So in this case, having "normal" gut bacteria is the best option; having all your gut bacteria wiped out is the worst option; and having at least one gut bacteria is better than nothing. Why? The researchers focus on the possible role of gut bacteria in enhancing the body's antioxidant response, and they do indeed show that antioxidant activity was reduced in the germ-free mice.
1 comment | View Entire Post
Kinesio tape, how social distress affects physical pain
by on Monday, February 9, 2015

Kinesio tape

I've written before about how Kinesio tape likely helps athletes.

I think it's also important to understand how it likely does not help athletes. On that front, we have a study looking at how Kinesio tape affects strength in fatigued muscles. Rugby players but, presumably, fatigued muscles are fatigued muscles. Whether you're running a race or playing a rugby match, fatigue acts in similar ways.

0 comments | View Entire Post
Running "too much" or "too fast" (probably) won't kill you
by on Thursday, February 5, 2015

Image

I was thinking of doing what would look more like a typical Monday post today with some content from last week. However, this week, some bad analysis of a study that's been around for a while began appearing.

You may have seen the headlines: Fast running is as deadly as sitting on couch, scientists find or Too much jogging 'as bad as no exercise at all' or Stop that binge jogging! Three times a week is best for you... and too much is as bad as doing nothing

0 comments | View Entire Post
Timing matters, we're all individuals
by on Monday, February 2, 2015

Quite a few interesting things popped up in my reading list this week. So many that I'm considering another post of this style for Thursday so I don't have to throw out so many interesting things. We'll see how it goes.

As for now, here are a couple of my favorite from the past week:

Race time matters

More specifically, given that we don't usually get to choose the time of the day that we race, being a morning person or a night person matters depending on the time of the race you're running.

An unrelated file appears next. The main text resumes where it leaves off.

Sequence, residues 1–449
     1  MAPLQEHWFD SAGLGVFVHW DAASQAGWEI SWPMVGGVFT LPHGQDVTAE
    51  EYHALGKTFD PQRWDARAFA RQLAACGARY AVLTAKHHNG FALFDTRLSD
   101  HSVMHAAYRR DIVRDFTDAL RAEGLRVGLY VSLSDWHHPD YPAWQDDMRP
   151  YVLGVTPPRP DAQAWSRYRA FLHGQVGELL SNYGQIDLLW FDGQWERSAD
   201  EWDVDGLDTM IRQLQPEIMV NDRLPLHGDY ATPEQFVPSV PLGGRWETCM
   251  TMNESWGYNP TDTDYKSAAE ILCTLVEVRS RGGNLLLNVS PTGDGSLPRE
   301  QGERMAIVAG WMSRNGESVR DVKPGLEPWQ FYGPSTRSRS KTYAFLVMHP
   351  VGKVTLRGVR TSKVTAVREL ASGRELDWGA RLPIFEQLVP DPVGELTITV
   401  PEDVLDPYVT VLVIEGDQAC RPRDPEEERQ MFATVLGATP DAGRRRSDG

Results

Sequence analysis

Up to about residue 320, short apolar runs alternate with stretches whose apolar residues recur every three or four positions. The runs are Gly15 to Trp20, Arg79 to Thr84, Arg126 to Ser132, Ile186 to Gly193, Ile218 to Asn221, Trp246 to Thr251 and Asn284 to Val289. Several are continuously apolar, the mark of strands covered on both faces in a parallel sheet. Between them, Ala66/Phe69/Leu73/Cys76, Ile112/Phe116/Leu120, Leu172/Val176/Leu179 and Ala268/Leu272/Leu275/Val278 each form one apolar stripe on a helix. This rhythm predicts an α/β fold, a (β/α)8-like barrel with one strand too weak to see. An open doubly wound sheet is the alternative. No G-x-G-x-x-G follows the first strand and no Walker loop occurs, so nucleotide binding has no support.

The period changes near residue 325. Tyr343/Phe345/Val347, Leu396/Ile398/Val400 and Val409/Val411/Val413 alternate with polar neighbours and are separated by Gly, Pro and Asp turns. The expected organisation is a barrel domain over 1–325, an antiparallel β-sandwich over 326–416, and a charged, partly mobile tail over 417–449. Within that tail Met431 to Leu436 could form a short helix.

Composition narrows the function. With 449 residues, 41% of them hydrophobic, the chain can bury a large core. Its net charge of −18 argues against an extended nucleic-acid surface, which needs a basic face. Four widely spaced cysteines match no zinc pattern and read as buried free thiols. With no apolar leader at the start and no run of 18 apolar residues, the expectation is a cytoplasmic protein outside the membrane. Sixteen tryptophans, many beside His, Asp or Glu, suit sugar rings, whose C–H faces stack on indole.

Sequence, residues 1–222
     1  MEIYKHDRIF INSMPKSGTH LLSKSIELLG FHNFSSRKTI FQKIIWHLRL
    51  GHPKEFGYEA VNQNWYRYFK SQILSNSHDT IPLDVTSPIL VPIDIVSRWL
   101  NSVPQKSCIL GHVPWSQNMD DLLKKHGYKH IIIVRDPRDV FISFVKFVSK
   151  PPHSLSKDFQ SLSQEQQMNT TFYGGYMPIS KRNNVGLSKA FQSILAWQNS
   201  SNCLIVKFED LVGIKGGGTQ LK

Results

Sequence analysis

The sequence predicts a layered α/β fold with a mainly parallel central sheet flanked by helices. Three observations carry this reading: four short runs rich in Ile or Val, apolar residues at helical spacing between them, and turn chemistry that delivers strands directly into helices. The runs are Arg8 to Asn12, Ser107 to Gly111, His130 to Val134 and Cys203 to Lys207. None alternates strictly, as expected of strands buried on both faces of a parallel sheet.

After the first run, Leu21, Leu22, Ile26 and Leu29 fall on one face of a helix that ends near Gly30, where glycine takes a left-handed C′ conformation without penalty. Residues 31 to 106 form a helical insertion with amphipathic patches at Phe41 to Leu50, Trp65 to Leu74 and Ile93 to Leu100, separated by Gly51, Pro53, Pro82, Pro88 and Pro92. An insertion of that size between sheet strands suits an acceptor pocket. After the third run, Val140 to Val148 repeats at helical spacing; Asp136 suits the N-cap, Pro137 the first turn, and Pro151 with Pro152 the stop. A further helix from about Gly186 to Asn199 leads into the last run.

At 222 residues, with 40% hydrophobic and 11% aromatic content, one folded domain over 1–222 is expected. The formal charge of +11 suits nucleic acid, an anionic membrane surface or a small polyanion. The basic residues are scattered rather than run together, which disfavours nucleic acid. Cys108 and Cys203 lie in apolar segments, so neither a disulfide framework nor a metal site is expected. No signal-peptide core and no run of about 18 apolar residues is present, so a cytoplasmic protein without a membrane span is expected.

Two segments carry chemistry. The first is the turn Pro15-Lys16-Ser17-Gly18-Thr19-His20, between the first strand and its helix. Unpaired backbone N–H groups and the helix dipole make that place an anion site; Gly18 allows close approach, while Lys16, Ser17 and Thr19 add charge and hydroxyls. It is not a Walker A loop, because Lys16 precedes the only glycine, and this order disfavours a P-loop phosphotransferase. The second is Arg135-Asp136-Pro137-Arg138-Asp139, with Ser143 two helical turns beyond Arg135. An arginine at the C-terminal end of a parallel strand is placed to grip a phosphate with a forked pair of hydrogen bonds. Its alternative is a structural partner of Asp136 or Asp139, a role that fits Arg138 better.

0 comments | View Entire Post
Brain training
by on Monday, January 26, 2015

It's seemed like a bit of a quiet week. Maybe I am just getting behind this week with things going on. Whatever the case, only one topic today but it's one that I'm really fascinated in.

I've blogged before about the idea of training your brain to handle fatigue more effectively and how that might make you a better runner.

Well, here's another one. This time, the participants were doing mentally demanding activities during their exercise.

0 comments | View Entire Post
Sleep matters and compression gear: not so helpful?
by on Monday, January 19, 2015

Sleep matters

We all know sleep matters, right? While there is no absolutely right amount of sleep that I can tell you everyone should get, generally, more is better. We can all accept that, right?

Well, charts of injury rates based on sleep have been floating around. The latest is posted on the Runner's World Sweat Science blog:

Image

3 comments | View Entire Post
Page 6 of 6
<< First  < Prev  



Share: Share this page on Facebook Share this page on Twitter Share this page on Twitter Follow: Follow HillRunner.com on Facebook Follow HillRunner.com on Twitter Follow HillRunner.com on Google+